Through my evolving journey into identifying and honing my style, there is one thing I have learnt.
Not to follow fashion.
The understanding that fashion is something that comes and goes (at a quicker rate than ever, as fast fashion now sees 52 micro seasons)* while style is something personal to you; changed my approach to clothes.
I have always shopped at second hand stores, even before I was aware of the environmental impact of the fashion industry. To me, it was the thrill of the chase and an affordable way to luxuriate; a carved out bit of me time.
As a teenager I was very much into the indie scene, which meant it was actively encouraged to wear your (or someone elses’) grandmother’s cardigan – plenty of those knocking about in the charity shops.
As I got older though, I felt I had to fit in a bit more with mainstream and that meant shopping more mainstream.
Most of what I would buy from the high-street was perfectly passable, but it would always be slightly off.
I’m not talking about legitimately ridiculous fashion disasters, but buttons would always strain, hemlines didn’t sit right and there was always a huge gap at the back of my jeans.
I never really understood what irked me until one day I went to a casting for a fit model job in a warehouse near Holloway.
I was sent by my agency as the client had specified they wanted a black model. Once I got there, the lady measured me and very matter-of-factly stated I wasn’t black enough. The reason? My bum was too flat.
Too seasoned in modelling at that point to be upset about what she said, I was infact quite intrigued.
The clothing line I was called to cast for was to be sold in the Caribbean and therefore black customers. These customers have an overall body shape that was different to say that of an average Chinese person (a market they also produced clothes for) and as such she had to find models that fit to type.
A little light bulb went off and I realised that clothes sold in UK high-street stores where being made for the majority white population.
It’s one of those things that deep down I already knew, but just needed a moment of clarity to solidify as a thought.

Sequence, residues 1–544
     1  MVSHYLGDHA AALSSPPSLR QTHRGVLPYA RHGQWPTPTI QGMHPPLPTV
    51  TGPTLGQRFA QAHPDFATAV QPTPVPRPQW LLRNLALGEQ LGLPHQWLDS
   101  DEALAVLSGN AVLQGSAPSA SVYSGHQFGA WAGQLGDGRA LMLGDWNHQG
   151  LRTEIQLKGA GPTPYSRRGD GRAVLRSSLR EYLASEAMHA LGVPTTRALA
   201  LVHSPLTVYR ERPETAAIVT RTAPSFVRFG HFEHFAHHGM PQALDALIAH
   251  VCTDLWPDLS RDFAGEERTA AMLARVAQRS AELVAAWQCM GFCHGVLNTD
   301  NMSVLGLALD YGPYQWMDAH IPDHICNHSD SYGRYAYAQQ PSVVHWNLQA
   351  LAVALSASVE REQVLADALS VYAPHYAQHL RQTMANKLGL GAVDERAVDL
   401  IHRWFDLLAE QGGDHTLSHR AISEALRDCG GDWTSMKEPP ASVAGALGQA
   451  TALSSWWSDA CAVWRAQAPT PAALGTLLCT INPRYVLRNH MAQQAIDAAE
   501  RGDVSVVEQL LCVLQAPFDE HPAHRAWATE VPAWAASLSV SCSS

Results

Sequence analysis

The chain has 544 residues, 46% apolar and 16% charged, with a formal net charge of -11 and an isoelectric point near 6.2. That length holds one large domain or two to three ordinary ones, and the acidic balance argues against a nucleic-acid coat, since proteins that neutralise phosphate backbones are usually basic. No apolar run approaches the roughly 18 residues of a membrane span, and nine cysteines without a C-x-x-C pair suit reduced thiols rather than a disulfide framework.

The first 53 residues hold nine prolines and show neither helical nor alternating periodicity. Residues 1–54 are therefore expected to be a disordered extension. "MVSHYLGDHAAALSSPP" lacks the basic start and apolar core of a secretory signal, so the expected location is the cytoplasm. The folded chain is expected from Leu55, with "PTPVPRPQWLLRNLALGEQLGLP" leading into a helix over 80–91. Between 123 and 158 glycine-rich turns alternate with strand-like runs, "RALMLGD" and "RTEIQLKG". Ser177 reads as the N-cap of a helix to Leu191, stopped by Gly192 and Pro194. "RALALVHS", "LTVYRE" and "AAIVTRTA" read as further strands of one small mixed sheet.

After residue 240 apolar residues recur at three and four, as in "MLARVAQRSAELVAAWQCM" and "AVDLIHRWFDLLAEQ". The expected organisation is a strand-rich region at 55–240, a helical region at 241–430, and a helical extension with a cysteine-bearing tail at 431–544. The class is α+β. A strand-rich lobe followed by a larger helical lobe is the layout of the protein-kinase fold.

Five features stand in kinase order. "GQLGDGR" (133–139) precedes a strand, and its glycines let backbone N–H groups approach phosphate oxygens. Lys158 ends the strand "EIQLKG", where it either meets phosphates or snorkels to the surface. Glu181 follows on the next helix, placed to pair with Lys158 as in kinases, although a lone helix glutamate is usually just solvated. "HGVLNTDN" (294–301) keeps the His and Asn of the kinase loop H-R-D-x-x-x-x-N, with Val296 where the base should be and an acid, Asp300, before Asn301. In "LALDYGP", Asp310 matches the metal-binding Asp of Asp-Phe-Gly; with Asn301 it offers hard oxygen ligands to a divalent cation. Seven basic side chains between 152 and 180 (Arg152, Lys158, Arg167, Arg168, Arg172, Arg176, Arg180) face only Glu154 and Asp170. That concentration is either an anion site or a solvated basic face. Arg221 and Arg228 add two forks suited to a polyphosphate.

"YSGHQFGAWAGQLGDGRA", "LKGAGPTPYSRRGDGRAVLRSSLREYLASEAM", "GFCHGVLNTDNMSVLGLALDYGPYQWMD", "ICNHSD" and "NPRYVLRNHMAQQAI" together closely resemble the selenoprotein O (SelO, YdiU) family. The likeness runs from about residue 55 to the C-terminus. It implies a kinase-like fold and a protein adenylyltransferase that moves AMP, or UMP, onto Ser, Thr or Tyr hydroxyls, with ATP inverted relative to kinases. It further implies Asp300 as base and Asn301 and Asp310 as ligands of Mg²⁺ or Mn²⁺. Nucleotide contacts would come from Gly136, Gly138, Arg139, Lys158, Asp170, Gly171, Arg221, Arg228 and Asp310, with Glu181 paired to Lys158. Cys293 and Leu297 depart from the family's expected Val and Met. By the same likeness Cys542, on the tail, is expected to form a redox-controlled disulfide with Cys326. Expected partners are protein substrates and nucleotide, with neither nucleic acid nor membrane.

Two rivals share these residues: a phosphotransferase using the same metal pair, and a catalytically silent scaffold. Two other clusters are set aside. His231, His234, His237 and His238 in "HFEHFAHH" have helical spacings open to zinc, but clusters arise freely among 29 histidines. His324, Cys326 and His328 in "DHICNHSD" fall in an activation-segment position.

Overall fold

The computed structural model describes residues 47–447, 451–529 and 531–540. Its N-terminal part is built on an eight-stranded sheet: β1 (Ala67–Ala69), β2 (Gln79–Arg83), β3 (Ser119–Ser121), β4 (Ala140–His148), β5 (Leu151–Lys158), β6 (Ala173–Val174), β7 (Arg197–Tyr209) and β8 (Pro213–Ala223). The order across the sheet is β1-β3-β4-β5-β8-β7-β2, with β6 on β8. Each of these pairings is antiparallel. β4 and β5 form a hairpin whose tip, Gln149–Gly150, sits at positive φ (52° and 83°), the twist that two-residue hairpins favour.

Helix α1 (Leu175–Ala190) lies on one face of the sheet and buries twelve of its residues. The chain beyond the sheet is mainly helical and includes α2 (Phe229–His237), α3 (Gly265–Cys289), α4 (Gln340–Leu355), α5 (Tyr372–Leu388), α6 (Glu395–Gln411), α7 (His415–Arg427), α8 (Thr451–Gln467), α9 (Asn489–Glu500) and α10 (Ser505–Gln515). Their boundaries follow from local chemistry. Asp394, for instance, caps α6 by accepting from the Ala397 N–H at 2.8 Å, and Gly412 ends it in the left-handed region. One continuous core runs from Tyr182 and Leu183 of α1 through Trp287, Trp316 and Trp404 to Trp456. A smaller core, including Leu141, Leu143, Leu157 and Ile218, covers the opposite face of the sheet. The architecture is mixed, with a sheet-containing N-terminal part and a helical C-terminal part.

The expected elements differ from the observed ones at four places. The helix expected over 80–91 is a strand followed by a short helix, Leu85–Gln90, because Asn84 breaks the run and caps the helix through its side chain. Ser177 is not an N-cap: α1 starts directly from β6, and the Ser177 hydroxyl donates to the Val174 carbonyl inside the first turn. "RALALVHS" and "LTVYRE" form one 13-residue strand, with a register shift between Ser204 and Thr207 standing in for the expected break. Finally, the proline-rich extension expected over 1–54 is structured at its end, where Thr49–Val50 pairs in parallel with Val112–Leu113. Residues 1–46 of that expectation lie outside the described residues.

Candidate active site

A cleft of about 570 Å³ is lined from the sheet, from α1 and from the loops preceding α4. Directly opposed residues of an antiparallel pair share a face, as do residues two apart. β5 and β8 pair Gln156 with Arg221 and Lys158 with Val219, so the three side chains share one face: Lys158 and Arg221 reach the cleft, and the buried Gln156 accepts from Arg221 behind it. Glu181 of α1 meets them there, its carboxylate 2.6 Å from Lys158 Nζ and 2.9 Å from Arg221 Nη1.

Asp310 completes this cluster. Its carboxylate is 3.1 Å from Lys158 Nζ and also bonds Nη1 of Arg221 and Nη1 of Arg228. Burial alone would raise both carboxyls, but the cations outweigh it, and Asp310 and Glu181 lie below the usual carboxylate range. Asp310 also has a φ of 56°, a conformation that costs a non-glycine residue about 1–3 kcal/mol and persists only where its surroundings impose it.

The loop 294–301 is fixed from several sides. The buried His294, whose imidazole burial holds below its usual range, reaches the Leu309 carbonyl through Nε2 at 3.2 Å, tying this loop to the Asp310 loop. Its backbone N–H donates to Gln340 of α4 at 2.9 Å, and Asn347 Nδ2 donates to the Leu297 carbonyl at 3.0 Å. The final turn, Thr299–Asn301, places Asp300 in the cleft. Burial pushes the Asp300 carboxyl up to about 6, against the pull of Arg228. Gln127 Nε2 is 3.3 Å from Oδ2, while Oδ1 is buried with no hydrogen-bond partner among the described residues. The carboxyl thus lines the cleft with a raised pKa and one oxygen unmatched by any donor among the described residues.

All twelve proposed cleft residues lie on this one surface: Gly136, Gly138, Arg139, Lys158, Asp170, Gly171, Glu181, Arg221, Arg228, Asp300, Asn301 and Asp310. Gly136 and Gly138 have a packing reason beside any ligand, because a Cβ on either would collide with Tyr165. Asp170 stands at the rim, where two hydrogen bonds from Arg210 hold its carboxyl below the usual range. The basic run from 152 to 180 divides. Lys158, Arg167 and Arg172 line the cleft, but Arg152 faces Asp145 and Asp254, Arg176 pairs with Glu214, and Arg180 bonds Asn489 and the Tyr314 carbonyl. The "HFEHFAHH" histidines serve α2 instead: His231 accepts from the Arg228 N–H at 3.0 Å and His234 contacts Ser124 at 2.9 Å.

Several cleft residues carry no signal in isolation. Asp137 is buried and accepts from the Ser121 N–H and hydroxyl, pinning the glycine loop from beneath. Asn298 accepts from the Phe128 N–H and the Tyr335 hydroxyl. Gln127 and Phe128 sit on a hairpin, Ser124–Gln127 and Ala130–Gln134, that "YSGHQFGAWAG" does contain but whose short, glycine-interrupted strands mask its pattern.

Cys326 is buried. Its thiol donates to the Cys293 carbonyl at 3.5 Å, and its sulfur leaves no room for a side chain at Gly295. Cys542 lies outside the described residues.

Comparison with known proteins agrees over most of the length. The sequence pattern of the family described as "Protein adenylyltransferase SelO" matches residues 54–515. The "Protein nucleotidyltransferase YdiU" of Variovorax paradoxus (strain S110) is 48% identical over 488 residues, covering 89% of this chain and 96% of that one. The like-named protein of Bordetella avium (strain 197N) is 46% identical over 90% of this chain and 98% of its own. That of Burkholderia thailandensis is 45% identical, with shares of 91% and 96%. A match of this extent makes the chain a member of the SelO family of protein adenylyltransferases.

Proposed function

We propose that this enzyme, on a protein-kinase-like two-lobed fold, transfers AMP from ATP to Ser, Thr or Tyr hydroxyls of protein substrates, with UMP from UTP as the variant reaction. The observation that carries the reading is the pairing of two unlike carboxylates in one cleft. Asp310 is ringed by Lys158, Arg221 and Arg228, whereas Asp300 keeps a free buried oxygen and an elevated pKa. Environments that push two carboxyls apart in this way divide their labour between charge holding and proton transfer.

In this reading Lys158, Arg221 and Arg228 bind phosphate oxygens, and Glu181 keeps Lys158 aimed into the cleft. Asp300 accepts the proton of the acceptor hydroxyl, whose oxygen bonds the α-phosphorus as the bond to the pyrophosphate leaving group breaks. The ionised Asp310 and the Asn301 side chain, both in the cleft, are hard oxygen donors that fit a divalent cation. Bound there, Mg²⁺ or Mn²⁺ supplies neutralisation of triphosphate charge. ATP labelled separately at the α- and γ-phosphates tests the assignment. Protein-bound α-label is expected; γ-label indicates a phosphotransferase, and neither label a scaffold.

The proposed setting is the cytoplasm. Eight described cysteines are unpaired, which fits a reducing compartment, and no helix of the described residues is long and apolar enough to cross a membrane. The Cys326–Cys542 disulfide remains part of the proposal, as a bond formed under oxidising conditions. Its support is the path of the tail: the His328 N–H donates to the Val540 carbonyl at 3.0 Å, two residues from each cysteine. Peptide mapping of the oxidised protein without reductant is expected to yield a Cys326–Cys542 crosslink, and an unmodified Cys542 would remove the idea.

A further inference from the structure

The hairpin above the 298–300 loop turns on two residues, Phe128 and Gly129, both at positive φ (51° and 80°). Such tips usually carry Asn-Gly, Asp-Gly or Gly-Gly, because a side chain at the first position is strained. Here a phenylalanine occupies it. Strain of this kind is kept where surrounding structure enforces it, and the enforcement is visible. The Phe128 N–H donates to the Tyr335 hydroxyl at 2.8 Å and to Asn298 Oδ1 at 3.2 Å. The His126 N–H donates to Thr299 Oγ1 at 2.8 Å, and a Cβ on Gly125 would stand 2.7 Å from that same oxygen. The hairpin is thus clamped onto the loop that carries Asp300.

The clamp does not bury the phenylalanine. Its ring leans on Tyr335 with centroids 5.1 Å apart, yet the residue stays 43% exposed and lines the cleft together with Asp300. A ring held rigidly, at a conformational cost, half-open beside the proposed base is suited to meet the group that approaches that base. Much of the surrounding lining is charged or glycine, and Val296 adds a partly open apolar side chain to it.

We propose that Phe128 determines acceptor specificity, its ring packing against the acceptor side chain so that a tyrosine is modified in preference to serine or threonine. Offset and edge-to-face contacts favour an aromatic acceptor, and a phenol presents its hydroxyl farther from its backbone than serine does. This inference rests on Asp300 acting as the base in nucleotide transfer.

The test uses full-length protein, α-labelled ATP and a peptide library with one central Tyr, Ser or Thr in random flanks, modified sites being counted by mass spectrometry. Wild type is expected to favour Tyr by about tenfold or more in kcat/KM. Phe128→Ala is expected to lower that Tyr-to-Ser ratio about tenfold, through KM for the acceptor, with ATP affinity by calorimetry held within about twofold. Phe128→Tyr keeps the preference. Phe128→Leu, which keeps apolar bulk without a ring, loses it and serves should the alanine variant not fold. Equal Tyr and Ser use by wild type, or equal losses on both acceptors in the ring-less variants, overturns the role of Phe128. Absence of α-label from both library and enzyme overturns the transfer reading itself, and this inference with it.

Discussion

It finally made sense as to why all those clothes just didn’t fit right. They weren’t made for me – literally.
This lead to me taking a step back from ‘shopping on demand’ and learning to master the skill of waiting.
Now, if I see a new trend I like, I try and wait at least season or two (the traditional seasons, so 3-6 months) and ask myself if I still like it.
If it’s a yes, then I’ll try it on in and see if it suits my body shape in real life, then wait a little more till it comes up on eBay, Depop or Vinted. It doesn’t always work out like this, but it’s better to try and buy sustainably when you can than not at all.
The midaxi dress though, is one of the times it worked out perfectly.
Seemingly coming out of nowhere, at one point it felt like midaxi dresses were taking part in some sort of fabric partenogensis. My urge to buy was palpable, but sticking with my conscious consumption I bided my time.
After the initial urge faded, I was in better position to examine whether this trend would truly fit in with my lifestyle – another expensive and time-consuming lesson I’ve learnt – as well as speaking to the woman I am today.
The woman I am today, might be a dress size bigger but she is perfectly content, learning (and wanting) to show off her best bits – which the midaxi dress helps to achieve with aplomb.
My slimmer-than-average waist for my dress size is afforded its rightful attention with a cinch of the belt. My larger-than-average hips for my dress size are given a generous freedom in the a-line cut of the skirt. And most of all my taller-than-average legs (I’m 5ft11) are giddy with excitement over those extra inches of fabric.
They also have the wonderful added bonus of making people think I’ve put in more effort than I actually have, as well as being so much more colourful – something that brings me untold joy!
While I have grown out of old cardigans and converse, my new found ‘uniform’ is just as distinctly me.
A style victory is there ever was one. All hail midaxi dresses – may you never go out of fashion, so you can forever stay in my wardrobe.
* read about micro seasons here
And read more fashion thoughts here